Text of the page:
Women's rights pioneer Marcia Ann Gillespie was in state for Women’s Day at the capitol.  We talked to her about her rise to prominence as the editor-in-chief of Essence magazine, and the fight for gender and racial equality.  

But first, Hartford Area Habitat for Humanity started out as a small grassroots organization... And next year will turn 25. It is building in eight different cities and towns in the region and completing its 200th home. Habitat’s vision is a world where everyone has a decent place to live.  

 

Governor Dannel Malloy says he wants bipartisan agreement on a plan to ban the sale of the kinds of weapons used in the Newtown shooting last December. But as WNPR's Jeff Cohen reports, the governor says that if he doesn't have Republican support, there's more than enough Democrat leverage to push a plan through.

Photo by Lucy Nalpathanchil

Forty men and women from Connecticut died in the Iraq War. Trumbull resident Mike Mastroni created the Connecticut Fallen Heroes Foundation to remember veterans killed after 9-11 and to honor their families.

WNPR's Lucy Nalpathanchil spoke with him in Hartford about his decision to get involved in this way.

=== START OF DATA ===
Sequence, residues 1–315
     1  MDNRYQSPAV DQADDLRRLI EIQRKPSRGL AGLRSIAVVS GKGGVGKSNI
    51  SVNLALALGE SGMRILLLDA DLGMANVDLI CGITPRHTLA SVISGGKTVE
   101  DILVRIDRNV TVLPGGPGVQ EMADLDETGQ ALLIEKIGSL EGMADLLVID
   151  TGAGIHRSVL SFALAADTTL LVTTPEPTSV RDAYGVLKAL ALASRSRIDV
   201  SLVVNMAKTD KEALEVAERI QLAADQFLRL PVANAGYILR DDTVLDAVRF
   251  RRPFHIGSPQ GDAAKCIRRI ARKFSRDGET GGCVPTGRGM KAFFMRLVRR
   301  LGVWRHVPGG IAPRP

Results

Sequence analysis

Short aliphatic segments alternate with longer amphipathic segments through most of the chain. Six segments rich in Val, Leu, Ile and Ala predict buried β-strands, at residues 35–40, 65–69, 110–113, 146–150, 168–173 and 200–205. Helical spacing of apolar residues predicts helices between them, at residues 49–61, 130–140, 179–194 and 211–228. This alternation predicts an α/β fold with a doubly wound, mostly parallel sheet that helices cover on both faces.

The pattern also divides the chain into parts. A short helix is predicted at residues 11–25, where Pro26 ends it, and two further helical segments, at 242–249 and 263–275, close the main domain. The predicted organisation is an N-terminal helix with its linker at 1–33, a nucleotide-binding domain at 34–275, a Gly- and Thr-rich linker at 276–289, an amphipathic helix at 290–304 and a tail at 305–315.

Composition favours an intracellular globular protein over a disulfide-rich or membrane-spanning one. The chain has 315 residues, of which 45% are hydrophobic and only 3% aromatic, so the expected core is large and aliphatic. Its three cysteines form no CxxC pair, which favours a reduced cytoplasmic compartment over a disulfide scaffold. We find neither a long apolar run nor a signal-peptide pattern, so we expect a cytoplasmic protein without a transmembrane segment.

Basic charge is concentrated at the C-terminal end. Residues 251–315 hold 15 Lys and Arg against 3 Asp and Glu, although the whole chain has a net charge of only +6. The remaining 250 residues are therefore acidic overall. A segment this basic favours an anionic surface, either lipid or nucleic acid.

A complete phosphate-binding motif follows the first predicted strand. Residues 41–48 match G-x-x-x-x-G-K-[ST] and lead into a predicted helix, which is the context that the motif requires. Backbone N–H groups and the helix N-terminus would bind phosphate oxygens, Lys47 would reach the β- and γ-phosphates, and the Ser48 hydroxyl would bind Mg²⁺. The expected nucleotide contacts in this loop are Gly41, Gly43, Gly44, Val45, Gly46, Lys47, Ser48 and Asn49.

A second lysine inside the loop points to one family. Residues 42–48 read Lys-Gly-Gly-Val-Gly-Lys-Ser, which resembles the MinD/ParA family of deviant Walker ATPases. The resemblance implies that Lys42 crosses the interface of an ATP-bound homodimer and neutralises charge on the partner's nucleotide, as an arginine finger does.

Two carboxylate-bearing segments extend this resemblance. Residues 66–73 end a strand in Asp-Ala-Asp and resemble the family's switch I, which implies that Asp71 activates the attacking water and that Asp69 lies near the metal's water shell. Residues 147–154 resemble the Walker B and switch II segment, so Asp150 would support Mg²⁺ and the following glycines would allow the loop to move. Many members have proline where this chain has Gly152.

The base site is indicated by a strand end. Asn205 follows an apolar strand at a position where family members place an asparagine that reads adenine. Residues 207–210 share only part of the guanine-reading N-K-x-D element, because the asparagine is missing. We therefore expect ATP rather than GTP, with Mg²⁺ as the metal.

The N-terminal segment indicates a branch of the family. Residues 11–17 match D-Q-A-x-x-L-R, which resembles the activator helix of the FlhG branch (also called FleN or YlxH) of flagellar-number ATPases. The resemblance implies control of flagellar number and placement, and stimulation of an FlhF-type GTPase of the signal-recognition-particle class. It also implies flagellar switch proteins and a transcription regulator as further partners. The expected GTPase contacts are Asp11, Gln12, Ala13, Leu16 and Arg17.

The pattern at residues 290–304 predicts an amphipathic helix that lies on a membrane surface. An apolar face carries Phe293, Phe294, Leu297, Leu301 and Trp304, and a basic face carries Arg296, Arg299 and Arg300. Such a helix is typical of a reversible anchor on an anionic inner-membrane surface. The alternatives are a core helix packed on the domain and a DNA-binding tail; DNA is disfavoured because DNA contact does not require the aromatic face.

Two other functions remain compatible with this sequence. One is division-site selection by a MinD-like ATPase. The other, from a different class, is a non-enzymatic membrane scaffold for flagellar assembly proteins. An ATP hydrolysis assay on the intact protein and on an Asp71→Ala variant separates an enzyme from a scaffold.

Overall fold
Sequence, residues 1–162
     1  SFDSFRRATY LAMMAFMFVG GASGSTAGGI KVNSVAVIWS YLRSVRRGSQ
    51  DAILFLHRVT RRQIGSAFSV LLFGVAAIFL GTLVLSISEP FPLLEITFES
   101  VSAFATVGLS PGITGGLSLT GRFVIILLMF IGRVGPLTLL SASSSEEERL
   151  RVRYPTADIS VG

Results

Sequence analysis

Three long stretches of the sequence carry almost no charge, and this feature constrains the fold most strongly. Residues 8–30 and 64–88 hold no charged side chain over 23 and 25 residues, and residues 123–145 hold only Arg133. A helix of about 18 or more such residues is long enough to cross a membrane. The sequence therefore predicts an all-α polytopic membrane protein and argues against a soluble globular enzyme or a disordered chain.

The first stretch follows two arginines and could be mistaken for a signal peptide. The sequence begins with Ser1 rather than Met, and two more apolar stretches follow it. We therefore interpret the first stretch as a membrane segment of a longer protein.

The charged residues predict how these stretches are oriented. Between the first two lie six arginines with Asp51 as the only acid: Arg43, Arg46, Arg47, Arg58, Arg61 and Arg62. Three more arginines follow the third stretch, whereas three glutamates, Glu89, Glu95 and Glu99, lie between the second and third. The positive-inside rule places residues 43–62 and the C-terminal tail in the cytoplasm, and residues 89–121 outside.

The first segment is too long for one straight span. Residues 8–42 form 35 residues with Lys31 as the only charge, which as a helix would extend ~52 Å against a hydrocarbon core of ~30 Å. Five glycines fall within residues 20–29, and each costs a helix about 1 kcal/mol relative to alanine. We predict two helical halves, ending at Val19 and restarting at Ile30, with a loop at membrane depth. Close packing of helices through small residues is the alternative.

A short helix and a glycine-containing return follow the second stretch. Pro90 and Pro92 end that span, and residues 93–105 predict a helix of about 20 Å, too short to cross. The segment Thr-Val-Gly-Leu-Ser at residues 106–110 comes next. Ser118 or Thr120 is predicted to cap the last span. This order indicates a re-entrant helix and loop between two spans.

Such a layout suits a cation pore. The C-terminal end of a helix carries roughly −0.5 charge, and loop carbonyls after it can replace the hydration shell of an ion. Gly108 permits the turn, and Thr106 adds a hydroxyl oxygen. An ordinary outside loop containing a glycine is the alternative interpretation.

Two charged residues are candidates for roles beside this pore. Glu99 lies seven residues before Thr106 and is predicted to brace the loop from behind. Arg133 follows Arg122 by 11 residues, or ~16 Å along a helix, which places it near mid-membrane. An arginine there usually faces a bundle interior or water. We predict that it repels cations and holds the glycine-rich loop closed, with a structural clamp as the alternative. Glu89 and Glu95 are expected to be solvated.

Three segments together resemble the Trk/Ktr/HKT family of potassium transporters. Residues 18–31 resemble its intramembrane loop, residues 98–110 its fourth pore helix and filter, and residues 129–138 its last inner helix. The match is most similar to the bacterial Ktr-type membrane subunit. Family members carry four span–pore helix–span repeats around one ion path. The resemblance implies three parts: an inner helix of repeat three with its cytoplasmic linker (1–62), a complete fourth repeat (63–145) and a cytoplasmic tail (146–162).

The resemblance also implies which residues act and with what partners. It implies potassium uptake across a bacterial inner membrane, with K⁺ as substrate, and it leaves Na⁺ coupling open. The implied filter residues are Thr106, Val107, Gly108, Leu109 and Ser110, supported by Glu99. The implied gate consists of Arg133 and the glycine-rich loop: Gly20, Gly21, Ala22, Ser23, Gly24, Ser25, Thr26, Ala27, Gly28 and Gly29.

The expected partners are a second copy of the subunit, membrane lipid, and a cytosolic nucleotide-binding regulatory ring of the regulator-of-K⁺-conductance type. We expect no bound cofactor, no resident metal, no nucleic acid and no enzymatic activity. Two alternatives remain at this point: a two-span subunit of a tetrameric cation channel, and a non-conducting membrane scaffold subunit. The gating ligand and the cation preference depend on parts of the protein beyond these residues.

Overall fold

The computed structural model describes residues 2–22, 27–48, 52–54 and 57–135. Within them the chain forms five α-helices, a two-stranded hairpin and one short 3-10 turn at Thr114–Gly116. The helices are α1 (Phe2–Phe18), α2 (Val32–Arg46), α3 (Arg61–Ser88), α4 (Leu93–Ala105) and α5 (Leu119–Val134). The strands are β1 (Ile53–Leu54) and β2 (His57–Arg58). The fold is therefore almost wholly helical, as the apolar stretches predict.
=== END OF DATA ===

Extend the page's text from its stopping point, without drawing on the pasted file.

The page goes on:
More about the Connecticut Fallen Heroes Foundation can be found here. The state of Connecticut has also created a website to remember local veterans who died in the Iraq and Afghanistan wars.

 

A Look at Libraries

Mar 18, 2013
Calsidyrose/flickr creative commons

Think about your local library. Do you still picture a dusty old building full of dusty old books? Do you imagine little old ladies with their glasses down at the ends of their noses, shushing you every time you speak?

Today we’ll check in with the libraries of the 21st century. Ebooks, the Internet, audiobooks. Music, movies, videogames. Coffee bars, couches, comic books… And no shushing? It’s a whole new world in the world of libraries.

StockMonkeys.com on Flickr Creative Commons

When we need to go to the hospital, we usually don’t care what it costs to make us better. We just want to get better.

And when you think about it, you shouldn't have to worry about how much it costs when you’re sick or hurt.

But in America, where we’re likely to spend $2.8 trillion dollars on health care this year, the care we receive doesn’t cost the same for everyone.

Jeff Cohen/WNPR